Like a quality tight-five forward, Tetera Faulkner was happy for his name to escape most match reports - let alone the headlines above them - from the Waratahs’ first Super Rugby clash against the Crusaders in Nelson last weekend.
But, like a quality tight-five forward inevitably does, he deserved at least a short stint in the limelight.
Not only did Faulkner win his first ever Super Rugby cap for the Waratahs but, after a 10-season professional career that has seen him previously play the Western Force, the Melbourne Rebels and four Tests for the Wallabies, the 31-year-old raised the bat for his 100th Super Rugby appearance as well.
Faulkner became just the 61st Australian player to notch up a century of Super Rugby games, and just the 14th prop, but all the post-match attention was focussed on the a couple of fellow Waratahs debutantes in the flashy shape of Mark Nawaqanitawase and Will Harrison.
Which is just the way Faulkner likes it.
"I guess I am not a guy who will go out there and talk about accolades, and how many games I have played,” Faulkner said.
"I am just there for the team, and there to represent my family and friends and I just play game by game. My kids look up to me and tell me how much they love watching me play rugby.
"For me, firstly to get out and represent the Waratahs was something special and obviously 100 games came up at the same time.
"A massive part of my family and I wanting to move here and play for the @NSWWaratahs was because we knew that Tet and his family were coming too.”— RUPA (@RugbyPlayersAus) February 6, 2020
We spoke to Robbie Abel about Tetera Faulkner, who joined the RUPA Centurions Club last week: https://t.co/yXx1yQ7jAg pic.twitter.com/S2RoIOvRLN
"Personally I don’t look at accolades that much but it was obviously an exciting time.”
Born in New Zealand and raised in Victoria, Faulkner finished his schooling in Canberra and played Australian schools, 19s and 20s between 2006 and 2008.
A Super Rugby debut took time but after time in Canberra and Sydney club rugby, and the Brumbies and Waratahs academies, Faulkner was recruited by the Western Force in 2011 and won his first cap late in the season.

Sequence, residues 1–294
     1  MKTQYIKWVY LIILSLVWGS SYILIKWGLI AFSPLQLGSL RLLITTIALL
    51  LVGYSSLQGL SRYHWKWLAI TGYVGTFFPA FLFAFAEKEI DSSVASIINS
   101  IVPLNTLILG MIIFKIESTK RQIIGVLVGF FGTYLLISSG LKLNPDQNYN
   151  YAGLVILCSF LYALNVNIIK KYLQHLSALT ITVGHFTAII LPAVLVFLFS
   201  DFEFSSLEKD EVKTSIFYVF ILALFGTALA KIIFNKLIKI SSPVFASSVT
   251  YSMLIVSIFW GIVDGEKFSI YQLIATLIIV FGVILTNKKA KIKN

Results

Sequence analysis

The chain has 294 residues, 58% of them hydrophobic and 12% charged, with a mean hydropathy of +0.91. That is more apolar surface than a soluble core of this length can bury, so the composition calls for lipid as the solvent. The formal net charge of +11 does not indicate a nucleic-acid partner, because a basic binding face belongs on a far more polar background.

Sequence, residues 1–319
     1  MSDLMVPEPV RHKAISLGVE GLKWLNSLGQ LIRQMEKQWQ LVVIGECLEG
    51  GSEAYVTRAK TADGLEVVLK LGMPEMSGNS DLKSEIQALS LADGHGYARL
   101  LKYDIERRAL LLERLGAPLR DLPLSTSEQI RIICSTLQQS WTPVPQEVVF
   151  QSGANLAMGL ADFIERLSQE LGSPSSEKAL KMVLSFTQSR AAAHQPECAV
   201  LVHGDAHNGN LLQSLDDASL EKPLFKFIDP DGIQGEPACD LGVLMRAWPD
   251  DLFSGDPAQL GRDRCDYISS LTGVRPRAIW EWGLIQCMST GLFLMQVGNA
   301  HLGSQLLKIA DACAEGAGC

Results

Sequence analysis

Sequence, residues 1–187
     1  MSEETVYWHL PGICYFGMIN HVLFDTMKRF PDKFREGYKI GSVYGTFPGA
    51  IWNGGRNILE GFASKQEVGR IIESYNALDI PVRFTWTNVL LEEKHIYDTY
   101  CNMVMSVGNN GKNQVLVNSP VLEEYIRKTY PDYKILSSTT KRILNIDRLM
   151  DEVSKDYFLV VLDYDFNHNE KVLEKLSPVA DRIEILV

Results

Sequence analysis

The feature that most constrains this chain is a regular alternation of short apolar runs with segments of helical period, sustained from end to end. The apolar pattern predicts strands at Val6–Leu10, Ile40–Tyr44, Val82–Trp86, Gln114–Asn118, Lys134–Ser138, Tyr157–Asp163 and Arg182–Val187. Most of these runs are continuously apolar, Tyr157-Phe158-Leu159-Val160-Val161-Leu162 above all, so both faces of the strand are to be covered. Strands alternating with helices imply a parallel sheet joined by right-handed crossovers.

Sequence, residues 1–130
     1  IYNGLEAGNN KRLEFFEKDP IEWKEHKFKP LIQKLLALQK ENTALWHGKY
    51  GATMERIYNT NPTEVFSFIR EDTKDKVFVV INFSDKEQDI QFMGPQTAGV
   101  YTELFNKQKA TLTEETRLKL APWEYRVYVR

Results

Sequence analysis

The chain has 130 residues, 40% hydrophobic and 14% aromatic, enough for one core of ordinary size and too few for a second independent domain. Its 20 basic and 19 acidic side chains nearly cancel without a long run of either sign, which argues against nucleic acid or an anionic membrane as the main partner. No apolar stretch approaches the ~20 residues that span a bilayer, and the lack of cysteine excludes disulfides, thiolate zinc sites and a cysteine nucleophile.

A hardworking prop, Faulkner became a regular first-teamer for the Force over the next few seasons and he was rewarded with a first Wallabies cap against Wales on the 2014 Spring Tour.
He has played three more Tests since, and been a consistent attendee of Wallabies training camps.
After following Dave Wessels to the Melbourne Rebels in 2018, Faulkner played the majority of two seasons for his home state’s team before an offer to join the Waratahs came midway through last year.
With Sekope Kepu moving on, NSW wanted a tighthead prop with experience and they found their man in Faulkner.
With the focus on all the Junior Wallabies in the Waratahs ranks this year, the arrival of a capped senior Wallaby somehow managed to fly under the radar.
"It’s different,” Faulkner said of his move from the Rebels to NSW.
"Dave was a very South African coach, a very South African style. Where Rob is very open, very offload, play your game. If you find a gap, really attack the gap.
" I am really enjoying the way I am playing footy at the Tahs and the way we want to play as a team.
“Obviously a lot younger guys here than where here last year but that’s probably exciting times firstly for Australian rugby and also the Waratahs. I am really enjoying myself here.”
Faulkner started in round one as a late call-in for the ill Harry Johnson-Holmes, but he has swapped back to the bench this week with HJH back on deck.
Even with Kepu’s departure, the Waratahs believe they’ve built some decent depth with Faulkner added to a propping stable including Tom Robertson, Johnson-Holmes, Chris Talakai and Rory O’Connor.
"Harry is a very good player, his ball-carrying and his scrummaging are coming along really well. He is a bit of a ball of energy and he is going to do really well this year,” Faulkner said.
"And Tom Robertson obviously plays for the Wallabies and he is becoming one of the leaders in the pack.
"It is great competition and that’s exactly what you need in a team, otherwise you’re just plateauing. If you have got someone to push you, you will always keep going.”
The Waratahs take on the Blues at McDonald Jones Stadium on Saturday February 8, kicking off at 7:15pm AEDT, LIVE on FOX SPORTS, Kayo and via RUGBY.com.au RADIO. Buy tickets here.